Work-Life Balance Requires More Than Just WFH

The American psychologist Lillian Moller Gilbreth was the first academic to write about an explicit connection between time, motion, and fatigue. She wrote many books and papers in this field and is considered to be a pioneer of industrial and organisational psychology. Her work created the idea of a ‘work-life balance’ and it’s almost half a century since she died.

As most people know, managing a work-life balance can be complex. The equilibrium between your personal life and your employment affects both these areas and over the past few decades an entire industry has been created, focusing on happiness at work and how to achieve the right levels of rest and leisure time balanced with efforts at work.

Work-life balance is a subject that many employers and employees have aspired to for many years. Employers believe that their employees will be more productive and engaged if this balance is improved and employees generally agree – but with so much focus on this area and such a long history of analysis, why is it still so difficult to achieve? Why aren’t those Chief Happiness Officers more effective?

The first issue is the number of variables. The government creates laws and regulations that define how people work. Employers create the job opportunities, and employees undertake those jobs. Each actor has their own set of expectations about what will make them more productive and more engaged. The reality of many modern working arrangements may also have evolved much faster than legislation can catch up – so there is often a disconnect.

Working from home (WFH) is a good example. Many employees were asked to work from home during the Covid pandemic and many are planning to continue, either full-time at home or using a hybrid model where they sometimes visit the office and sometimes stay at home. But WFH needs some preparation, so why is a desk and chair considered to be tax deductible and yet Internet access is not?

In the past year, the British tax agency HMRC has been flooded with people asking for tax deductions for all the purchases they were forced to make to ensure that their home working environment is safe, secure, and allows them to work productively.

The government doesn’t have a simple answer to these questions because nobody really expected such a dramatic shift to home working, but now we can see that many people intend to remain working from home, some clear guidance and regulations would be welcome. Government agencies, employers, and employees all need to work together to define how the future of work is going to look.

At SensĂ©e, we believe that one of the fundamental changes is around personal control or ‘agency’ as the psychologists would define it. All our teams work at home, but they are not expected to work 8 hours a day from Monday to Friday. We empower them to self-schedule their work hours, providing greater control and flexibility to blend their personal life around work. This could be as simple as taking a couple of hours off in the afternoon to pick up the kids from school and then logging in later for a shift once everyone at home has been fed.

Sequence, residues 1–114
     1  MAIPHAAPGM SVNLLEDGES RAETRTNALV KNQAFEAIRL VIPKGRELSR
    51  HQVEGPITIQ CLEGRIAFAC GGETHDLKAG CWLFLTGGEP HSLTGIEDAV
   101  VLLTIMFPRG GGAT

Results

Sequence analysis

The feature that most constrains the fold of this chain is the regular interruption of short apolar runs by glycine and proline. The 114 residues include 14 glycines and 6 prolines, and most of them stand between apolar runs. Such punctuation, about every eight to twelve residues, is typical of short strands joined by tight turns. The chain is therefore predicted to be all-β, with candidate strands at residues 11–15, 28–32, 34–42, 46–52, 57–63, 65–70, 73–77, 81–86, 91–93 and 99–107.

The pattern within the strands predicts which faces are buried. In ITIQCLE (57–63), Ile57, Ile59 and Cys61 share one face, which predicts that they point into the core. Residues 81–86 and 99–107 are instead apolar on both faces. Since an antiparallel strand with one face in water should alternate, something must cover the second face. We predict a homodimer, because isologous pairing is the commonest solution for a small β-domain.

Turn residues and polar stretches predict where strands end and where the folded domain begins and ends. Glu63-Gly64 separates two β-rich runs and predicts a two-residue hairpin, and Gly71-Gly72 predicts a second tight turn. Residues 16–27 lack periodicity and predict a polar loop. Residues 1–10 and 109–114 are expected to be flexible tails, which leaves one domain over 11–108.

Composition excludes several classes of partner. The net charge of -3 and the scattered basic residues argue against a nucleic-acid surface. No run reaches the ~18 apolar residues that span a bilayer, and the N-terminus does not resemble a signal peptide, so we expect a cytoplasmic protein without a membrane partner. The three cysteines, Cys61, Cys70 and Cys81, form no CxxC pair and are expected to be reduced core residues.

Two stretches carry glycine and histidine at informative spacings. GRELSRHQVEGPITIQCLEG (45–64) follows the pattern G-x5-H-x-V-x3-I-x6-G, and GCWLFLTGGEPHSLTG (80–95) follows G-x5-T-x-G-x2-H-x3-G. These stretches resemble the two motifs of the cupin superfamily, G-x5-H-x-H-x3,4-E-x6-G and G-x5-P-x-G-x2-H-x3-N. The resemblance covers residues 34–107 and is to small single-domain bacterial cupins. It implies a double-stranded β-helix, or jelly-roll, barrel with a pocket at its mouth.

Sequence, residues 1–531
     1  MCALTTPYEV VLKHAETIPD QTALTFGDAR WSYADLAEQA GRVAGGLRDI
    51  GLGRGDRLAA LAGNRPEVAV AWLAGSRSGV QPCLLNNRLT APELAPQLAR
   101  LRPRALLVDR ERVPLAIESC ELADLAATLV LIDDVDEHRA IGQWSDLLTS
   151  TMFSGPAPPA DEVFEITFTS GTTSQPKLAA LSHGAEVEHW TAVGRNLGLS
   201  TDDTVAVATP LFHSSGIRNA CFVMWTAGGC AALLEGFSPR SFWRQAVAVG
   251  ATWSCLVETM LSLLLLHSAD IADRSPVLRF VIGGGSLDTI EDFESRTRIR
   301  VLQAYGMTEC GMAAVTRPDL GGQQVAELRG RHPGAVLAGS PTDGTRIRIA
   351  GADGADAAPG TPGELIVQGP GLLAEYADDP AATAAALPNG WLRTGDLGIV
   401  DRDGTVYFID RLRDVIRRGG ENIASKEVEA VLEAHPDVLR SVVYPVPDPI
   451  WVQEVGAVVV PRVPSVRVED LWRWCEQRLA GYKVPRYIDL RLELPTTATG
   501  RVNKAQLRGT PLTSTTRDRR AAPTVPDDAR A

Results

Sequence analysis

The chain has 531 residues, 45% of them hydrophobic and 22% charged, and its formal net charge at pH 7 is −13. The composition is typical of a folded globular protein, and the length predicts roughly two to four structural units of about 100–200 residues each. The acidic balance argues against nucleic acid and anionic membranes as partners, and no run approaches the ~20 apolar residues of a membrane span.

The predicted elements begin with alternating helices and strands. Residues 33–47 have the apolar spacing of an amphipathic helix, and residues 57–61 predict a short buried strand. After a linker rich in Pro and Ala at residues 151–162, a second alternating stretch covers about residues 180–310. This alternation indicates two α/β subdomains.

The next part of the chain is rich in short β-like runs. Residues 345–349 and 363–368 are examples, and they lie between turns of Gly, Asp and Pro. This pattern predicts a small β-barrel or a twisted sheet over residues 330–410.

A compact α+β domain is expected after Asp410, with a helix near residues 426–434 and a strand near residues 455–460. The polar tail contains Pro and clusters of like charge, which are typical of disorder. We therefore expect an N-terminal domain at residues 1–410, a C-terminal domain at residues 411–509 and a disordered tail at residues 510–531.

It sounds simple, but companies cannot just offer this flexibility overnight. It’s not just the fact that someone works from home that defines their job as flexible, it is also how the employer allows the employee to manage some of the parameters around when and where they are working. This idea of flexible workforce management is where the process can really evolve and improve – both for employers (who can benefit from higher employee engagement and productivity, and lower attrition) and employees (who frequently cite a better work-life balance as well as benefitting by losing the travel to and from work).

Work-life balance studies have been taking place for almost a century, but at the end of the day it is not working from home alone that creates flexibility. Employers and governments need to recognise this if we are going to create a new framework for how modern companies operate and look after their people.

How Will Companies Manage The Transition From WFH To Hybrid?

Each day is now bringing more positive news about the end of the pandemic. Although there are still concerns about the variants, the situation is far better than a year ago when we had no vaccines and idea how long the crisis would run for.

Many governments, including here in the UK, are now actively working on plans that should see a a new phase where the public is expected to remain cautious, but the various lockdowns, restrictions, and mask mandates will all be relaxed. The next key date for the UK is July 19th. After this date, the government will remove all Covid restrictions and this includes the advice to work from home, although the PM Boris Johnson has said that it will be up to individual companies to decide on whether to recall everyone to the office or to continue some home working – there will no longer be any direction from Whitehall.

Naturally this is going to have a big impact on companies and the use of offices. Every office-based employee moved to a work-from-home (WFH) environment in March 2020 and now the discussion is focused on how to return to the office. Naturally, when there was a crisis, it was easy to mandate that everyone has to work from home. Now that we are seeing an end to restrictions, the situation is less clear cut. The government is making it clear that they are now leaving it up to employers.

Last month, the British government announced a flexible working taskforce to explore all the potential future options. One of the suggested ideas was a default right to work from home – so all office-based employees would automatically have the right to tell their employer where they plan to work from.